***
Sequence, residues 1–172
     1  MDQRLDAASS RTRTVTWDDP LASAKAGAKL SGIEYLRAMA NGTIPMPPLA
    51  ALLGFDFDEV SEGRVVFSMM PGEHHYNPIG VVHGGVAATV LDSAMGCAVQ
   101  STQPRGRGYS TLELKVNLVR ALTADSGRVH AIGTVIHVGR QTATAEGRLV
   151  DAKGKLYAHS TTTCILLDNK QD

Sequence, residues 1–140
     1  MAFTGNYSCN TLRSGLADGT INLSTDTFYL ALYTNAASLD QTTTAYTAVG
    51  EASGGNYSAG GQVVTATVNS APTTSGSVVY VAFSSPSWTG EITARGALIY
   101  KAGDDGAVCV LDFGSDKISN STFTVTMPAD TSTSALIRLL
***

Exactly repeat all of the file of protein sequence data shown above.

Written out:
Sequence, residues 1–172
     1  MDQRLDAASS RTRTVTWDDP LASAKAGAKL SGIEYLRAMA NGTIPMPPLA
    51  ALLGFDFDEV SEGRVVFSMM PGEHHYNPIG VVHGGVAATV LDSAMGCAVQ
   101  STQPRGRGYS TLELKVNLVR ALTADSGRVH AIGTVIHVGR QTATAEGRLV
   151  DAKGKLYAHS TTTCILLDNK QD

Sequence, residues 1–140
     1  MAFTGNYSCN TLRSGLADGT INLSTDTFYL ALYTNAASLD QTTTAYTAVG
    51  EASGGNYSAG GQVVTATVNS APTTSGSVVY VAFSSPSWTG EITARGALIY
   101  KAGDDGAVCV LDFGSDKISN STFTVTMPAD TSTSALIRLL